# Inflation, Unemployment, and the Phillips Curve

## Presentation on theme: "Inflation, Unemployment, and the Phillips Curve"— Presentation transcript:

Inflation, Unemployment, and the Phillips Curve
How the Phillips curve demonstrates the inflation-unemployment tradeoff that policy makers face.

Building the Phillips Curve
The Phillips curve states that inflation depends on expected inflation… the deviation of unemployment from the natural rate (cyclical unemployment)… and supply shocks.

Building the Phillips Curve
The Phillips curve is derived from aggregate supply. First we add an exogenous supply shock term to the right hand side. Then we subtract last year’s price level P-1 from both sides. We can write inflation as π=(P–P-1) and expected inflation as πe=(Pe–P-1). Recall Okun’s law. Which states that deviation of output from its natural rate is inversely related to deviation of unemployment from its natural rate. By substituting we obtain the Phillips curve.

Building the Phillips Curve
So the Phillips curve and the short run aggregate supply curve essentially represent the same economic ideas.

Adaptive Expectations and Inflation Inertia
The Phillips curve shows the trade-off facing policy makers in terms of unemployment and inflation. To make the Phillips curve more useful we need to say what causes expected inflation. A simple and plausible assumption might be that people form expectations about future inflation based on recent inflation. In this case, we can write the Phillips curve as... The first term in the Phillips curve implies that inflation has inertia and that inflation keeps going unless something acts to stop it. In essence we have inflation because we expect it and we expect it because we have it. which states that inflation depends on past inflation, cyclical unemployment, and a supply shock.

Aggregate supply shifts up because of expected inflation.
Inertia in AD-AS In the AD-AS framework inflation inertia is characterized by persistent upward shifts of both AD and AS. P AS AD Q Most often the upward shifting aggregate demand curve is caused by persistent growth in the money supply. Aggregate supply shifts up because of expected inflation.

AS would stop shifting up.
Inertia in AD-AS AS would stop shifting up. Suppose the central bank is pursuing an expansionary monetary policy causing AD to shift out. P If prices have been rising quickly, people will expect them to continue to do so. Because AS depends on expected inflation the AS curve will continue to shift upward. AS AD It will continue to shift upward until some event, such as a recession or a supply shock, changes inflation and thereby changes expectations of inflation. Y This would cause a recession. High unemployment would reduce inflation and expected inflation, causing inflation inertia to subside. If for example the central bank tightened the money supply, AD would shift back.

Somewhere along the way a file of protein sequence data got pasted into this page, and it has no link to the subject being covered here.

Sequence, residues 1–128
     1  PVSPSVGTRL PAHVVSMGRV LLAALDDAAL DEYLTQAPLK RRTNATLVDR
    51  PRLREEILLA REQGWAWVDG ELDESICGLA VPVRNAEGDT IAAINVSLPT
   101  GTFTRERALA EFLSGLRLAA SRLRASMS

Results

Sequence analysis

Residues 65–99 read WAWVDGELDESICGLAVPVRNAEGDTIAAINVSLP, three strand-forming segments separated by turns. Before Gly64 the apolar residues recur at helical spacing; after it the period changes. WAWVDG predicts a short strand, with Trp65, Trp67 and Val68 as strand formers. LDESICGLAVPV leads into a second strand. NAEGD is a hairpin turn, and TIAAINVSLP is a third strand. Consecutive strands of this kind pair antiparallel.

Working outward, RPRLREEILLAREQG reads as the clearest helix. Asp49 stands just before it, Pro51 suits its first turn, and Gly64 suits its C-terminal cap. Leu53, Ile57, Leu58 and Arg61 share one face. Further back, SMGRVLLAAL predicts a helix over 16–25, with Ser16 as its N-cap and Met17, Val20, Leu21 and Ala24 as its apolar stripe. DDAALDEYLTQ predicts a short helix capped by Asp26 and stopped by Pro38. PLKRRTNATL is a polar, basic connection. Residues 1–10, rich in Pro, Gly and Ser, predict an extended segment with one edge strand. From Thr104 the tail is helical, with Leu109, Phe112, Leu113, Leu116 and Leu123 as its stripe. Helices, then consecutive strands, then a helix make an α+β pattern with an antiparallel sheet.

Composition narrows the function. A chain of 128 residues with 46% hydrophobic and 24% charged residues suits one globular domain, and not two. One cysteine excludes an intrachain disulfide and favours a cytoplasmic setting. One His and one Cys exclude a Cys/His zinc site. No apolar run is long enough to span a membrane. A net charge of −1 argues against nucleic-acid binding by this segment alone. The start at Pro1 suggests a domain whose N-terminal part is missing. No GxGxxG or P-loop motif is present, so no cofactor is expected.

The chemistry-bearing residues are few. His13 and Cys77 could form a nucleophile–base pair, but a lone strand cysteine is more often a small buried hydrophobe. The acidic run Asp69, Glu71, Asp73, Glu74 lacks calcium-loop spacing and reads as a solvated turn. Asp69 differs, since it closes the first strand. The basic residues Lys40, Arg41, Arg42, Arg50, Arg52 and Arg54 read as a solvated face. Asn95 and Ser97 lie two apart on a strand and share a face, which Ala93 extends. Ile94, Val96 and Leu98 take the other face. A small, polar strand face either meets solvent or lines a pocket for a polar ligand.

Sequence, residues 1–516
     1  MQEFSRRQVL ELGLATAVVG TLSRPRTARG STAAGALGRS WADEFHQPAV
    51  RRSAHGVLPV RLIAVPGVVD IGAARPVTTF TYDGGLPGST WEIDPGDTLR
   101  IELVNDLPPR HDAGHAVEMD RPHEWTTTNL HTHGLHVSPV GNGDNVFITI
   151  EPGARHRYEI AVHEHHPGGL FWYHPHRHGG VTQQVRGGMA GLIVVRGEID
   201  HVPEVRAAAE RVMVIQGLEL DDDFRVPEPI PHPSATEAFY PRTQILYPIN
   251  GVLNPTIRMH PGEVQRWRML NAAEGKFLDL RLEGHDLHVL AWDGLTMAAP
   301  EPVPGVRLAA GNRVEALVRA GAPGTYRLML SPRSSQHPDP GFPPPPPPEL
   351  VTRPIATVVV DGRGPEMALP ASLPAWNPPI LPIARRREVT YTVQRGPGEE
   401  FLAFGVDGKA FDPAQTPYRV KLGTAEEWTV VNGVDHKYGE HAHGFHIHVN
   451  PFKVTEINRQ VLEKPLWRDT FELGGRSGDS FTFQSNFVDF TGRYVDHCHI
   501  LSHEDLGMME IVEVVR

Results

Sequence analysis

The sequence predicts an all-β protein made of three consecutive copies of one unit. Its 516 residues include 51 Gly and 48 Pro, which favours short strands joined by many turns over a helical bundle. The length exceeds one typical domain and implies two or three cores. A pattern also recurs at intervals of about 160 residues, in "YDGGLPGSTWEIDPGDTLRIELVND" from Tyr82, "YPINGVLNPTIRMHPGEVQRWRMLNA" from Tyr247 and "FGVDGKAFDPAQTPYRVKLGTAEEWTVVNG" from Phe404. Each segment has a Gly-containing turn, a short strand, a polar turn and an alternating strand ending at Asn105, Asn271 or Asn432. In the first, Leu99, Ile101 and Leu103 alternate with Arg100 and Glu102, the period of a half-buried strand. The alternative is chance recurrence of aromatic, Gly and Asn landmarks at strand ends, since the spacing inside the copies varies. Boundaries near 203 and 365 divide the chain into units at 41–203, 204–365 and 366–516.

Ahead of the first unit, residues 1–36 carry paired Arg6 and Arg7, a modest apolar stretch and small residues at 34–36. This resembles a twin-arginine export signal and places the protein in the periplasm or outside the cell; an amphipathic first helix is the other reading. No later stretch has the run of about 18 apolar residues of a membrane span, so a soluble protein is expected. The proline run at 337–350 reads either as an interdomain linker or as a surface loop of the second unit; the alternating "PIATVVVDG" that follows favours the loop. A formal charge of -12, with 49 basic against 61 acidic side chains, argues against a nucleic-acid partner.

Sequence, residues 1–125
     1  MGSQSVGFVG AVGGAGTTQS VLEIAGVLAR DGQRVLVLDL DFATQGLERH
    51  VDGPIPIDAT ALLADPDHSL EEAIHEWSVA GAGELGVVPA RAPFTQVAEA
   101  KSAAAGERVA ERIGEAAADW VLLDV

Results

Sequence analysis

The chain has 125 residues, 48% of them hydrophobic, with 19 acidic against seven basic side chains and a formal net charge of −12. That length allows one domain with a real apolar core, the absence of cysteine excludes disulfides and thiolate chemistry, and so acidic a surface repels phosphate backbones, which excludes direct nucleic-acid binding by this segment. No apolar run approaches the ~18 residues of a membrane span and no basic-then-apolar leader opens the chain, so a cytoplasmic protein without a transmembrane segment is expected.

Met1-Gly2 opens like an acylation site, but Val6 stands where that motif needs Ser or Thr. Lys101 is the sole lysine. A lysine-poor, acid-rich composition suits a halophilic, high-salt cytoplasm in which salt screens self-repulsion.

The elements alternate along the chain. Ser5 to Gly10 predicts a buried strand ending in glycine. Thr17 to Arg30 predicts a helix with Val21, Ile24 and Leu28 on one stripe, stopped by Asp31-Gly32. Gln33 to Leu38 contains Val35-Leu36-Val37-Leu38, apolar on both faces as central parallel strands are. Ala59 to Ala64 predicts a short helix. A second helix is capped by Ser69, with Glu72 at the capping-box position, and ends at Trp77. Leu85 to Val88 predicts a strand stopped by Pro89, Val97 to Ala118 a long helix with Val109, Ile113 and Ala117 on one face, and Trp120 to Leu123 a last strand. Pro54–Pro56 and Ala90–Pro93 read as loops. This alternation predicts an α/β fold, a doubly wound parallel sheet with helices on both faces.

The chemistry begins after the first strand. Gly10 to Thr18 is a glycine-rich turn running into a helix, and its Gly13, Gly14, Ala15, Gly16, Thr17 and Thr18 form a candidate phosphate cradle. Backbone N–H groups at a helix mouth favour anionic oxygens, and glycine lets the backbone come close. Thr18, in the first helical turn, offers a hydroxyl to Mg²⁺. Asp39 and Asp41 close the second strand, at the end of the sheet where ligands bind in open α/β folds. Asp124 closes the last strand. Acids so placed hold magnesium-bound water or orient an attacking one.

Two Causes of Rising and Falling Inflation
The second term shows that cyclical unemployment exerts upward or downward pressure on inflation. Low unemployment pulls inflation up. This is called demand-pull inflation because high AD is the cause. The third term shows that inflation also rises and falls with supply shocks. An adverse supply shock would push production prices up. This type of inflation is called cost-push inflation.

The Short Run Tradeoff Between Inflation and Unemployment
While expected inflation and supply shocks are beyond the policy maker’s control, in the short-run the policy maker can use monetary or fiscal policy to shift the AD curve thus affecting output, unemployment, and inflation. A plot of the Phillips curve shows the short-run tradeoff between inflation and unemployment. π β 1 πe+v u un A policymaker who controls AD can choose a combination of inflation and unemployment on this short-run Phillips curve.

The Short Run Tradeoff Between Inflation and Unemployment
Because people adjust their expectations of inflation over time, the tradeoff between inflation and unemployment holds only in the short run. In the long run, expectations adapt, inflation returns to whatever rate the policymaker has chosen, and unemployment returns to the natural rate. π β 1 πe+v u un An increase in expected inflation causes the curve to shift upward. So that at any unemployment rate there will be higher inflation.

Conclusions In this section we discussed the Phillips curve. The Phillips curve demonstrates the inflation-unemployment tradeoff that policy makers face.

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